Do you remember a time when you had to make a decision and you felt like your gut was telling you something? Or a time when you were dealing with stomach issues and your anxiety was at an all-time high?

Is it really possible that the brain and the gut are so highly connected? 

It really is.

Allow us to explain.


The Gut-Brain Axis

The brain and the gut have a unique connection; one that not many people are aware of. 

It’s called the gut-brain axis, which entails bi-directional communication between the “gut” and the “brain.”

That’s right… The brain and gut microbiota are in constant communication with each other, and this communication affects both your digestion AND your mood.

The bi-directional communication is what is happening between the Central Nervous System (the brain) and the Enteric Nervous System (within the gut).


The Enteric Nervous System

The gut is often referred to as the second brain, and scientists identify this brain in your gut as the Enteric Nervous System or ENS, for short. 

The ENS is composed of two thin layers with over 100 million nerve cells that line the gastrointestinal tract (GI tract). 

While the brain that controls the central nervous system is a special one, the ENS also has a distinct quality: to regulate your digestion. 

This process involves releasing enzymes that break down the food you eat, helping the blood absorb the nutrients from the food, and then assisting with bowel movements.

But the microbiome is also home to where 80-90% of serotonin and other feel-good chemical are made. If your microbiome is out of balance, then, likely, so is your mood.

(This is precisely why we created mood-targeted probiotics, with specific strains and species designed to enhance your mood, naturally.)

So, those mood issues? They aren’t all in your head. But…. they could be in your gut.


IBS Issues?

Through all these actions, the gut will let the brain know what’s keeping it busy. Especially when there is a problem in the ENS like irritation in the lining of the GI tract, also known as irritable bowel syndrome (IBS). 

IBS is one of the most common GI tract problems. In the U.S. alone, there are over 25 and 45 million Americans who suffer from IBS.

This condition is not to be taken lightly. It can be debilitating for many people, and the symptoms (constipation, diarrhea, abdominal pain, bloating, fatigue, sleeping problems, food intolerance, etc.) have a direct effect on their moods and emotions.

Before, medical practitioners and researchers thought that anxiety and depression could be contributing to IBS. Since learning more about the gut-brain axis, researchers have discovered that it might just be the opposite; that symptoms of IBS are causing the gut to send signals to the brain, thus triggering mood changes.


What’s the Role of Probiotics?

Probiotics play an essential role in gut health. Probiotics are live bacteria that work hard to keep your digestive system functioning properly. Having proper amounts of the right good bacteria has been shown to have a connection to mood issues like anxiety and depression.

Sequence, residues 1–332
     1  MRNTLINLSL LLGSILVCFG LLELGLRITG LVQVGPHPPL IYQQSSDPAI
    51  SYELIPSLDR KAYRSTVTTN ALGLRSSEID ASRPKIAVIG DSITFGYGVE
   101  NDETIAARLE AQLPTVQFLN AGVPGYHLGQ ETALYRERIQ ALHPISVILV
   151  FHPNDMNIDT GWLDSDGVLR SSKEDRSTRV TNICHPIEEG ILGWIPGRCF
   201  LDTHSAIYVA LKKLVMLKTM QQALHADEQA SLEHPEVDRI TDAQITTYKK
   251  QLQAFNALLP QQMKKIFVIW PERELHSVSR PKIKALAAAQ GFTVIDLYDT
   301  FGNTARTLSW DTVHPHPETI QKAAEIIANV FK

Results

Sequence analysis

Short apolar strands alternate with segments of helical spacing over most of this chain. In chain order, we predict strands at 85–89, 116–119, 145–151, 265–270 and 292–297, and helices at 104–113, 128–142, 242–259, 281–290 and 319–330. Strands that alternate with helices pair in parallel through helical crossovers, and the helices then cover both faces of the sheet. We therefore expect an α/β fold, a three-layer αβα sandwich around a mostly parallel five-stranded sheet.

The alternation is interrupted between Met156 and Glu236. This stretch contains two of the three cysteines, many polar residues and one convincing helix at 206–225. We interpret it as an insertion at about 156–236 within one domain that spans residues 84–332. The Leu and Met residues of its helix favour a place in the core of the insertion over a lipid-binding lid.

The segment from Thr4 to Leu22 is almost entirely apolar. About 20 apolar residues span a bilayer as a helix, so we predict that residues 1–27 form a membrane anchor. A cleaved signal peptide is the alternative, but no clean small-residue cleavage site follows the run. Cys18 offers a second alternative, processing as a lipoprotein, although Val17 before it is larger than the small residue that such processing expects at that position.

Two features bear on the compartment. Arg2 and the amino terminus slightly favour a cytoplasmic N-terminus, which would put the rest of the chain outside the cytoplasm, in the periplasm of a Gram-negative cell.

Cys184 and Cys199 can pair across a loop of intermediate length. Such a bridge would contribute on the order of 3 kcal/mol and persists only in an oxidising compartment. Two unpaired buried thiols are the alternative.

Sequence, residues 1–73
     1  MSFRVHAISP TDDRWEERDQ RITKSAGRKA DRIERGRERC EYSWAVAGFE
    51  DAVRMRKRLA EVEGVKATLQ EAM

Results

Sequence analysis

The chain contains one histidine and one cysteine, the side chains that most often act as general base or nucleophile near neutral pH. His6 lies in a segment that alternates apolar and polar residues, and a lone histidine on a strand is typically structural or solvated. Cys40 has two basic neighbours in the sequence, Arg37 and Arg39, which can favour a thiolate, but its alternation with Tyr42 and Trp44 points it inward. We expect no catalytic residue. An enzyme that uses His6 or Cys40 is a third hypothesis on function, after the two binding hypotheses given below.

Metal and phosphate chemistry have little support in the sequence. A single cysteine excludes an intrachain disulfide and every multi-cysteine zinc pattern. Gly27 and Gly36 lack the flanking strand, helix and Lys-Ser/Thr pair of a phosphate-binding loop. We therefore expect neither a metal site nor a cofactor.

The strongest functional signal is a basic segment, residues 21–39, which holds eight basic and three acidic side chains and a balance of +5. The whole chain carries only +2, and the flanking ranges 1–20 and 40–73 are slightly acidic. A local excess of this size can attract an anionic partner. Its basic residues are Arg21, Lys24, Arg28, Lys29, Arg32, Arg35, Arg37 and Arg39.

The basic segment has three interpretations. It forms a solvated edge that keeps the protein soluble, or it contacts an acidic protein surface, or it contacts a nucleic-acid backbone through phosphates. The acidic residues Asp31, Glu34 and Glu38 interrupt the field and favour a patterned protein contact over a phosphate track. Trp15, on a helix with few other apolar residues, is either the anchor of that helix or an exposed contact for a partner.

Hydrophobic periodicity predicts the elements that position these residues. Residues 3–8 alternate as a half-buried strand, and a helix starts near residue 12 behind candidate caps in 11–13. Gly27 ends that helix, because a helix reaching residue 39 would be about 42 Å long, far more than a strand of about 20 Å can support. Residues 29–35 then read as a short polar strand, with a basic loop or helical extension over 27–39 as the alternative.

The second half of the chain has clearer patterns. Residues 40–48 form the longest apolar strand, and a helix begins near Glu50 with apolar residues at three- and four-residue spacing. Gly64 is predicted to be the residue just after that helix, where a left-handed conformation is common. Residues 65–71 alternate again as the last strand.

You can find the good bacteria your body + mind craves through foods like yogurt, kefir, sauerkraut, kimchi, kombucha, sourdough bread, soft cheese, acidophilus milk, among others.

But you’re not eating enough probiotic-rich foods on a regular basis, you can also take a high-quality probiotic supplement to boost the good bacteria in your body.

One of the reasons people’s microbiomes are out of balance are due to ‘losing good bacteria’ in your body. For example, when you take antibiotics, they kill all the good and bad bacteria in your body, So your microbiome will need to be replenished with probiotics. Thankfully, it’s becoming more and more common for doctors to recommend a probiotic alongside of antibiotic treatment.

The other way probiotics boost gut health is through maintaining a stable and balanced gut flora. When there’s a good balance of bacteria in the gut, the body will function properly.

Nonetheless, if you’re someone who suffers from mood issues or frequent anxiety, it can be extremely helpful to consume targeted bacterial probiotic species for mood support. This will ensure that the probiotics are working to support the brain-gut connection. 


The Best Species of Probiotics for Mood

  • Lactobacillus plantarum – may reduce anxious behavior
  • Lactobacillus acidophilus – improves the body’s immune system
  • Lactobacillus helveticus – may tame anxiety symptoms
  • Lactobacillus brevis – helps in the production of brain-derived neurotrophic factor (BDNF)
  • Lactobacillus rhamnosus – encourages product of short-chain fatty acids to protect the GI tract lining
  • Bifidobacterium animalis – may modulate brain activity
  • Bifidobacterium longum – helps relieve IBS symptoms, may reduce anxiety and depression
  • Bifidobacterium bifidum – helps in generating vitamin B-12 and K which influences the mood
  • Bifidobacterium infantis – helps in IBS treatment and promotes relaxation


How to Feel Better, Naturally?

It can be a challenge to get all these probiotics species in yogurt or fermented foods on the regular, which is why we at Lifted Naturals have developed a variety of MOOD FORMULATED Probiotics with the best probiotic species.

None of our products have any added ingredients or fillers and they are also free from these main allergens: dairy, soy, gluten, & corn.  

What you need are hard-working probiotics to improve your mood and gut health so you can relax knowing your brain and your gut are positively communicating every day.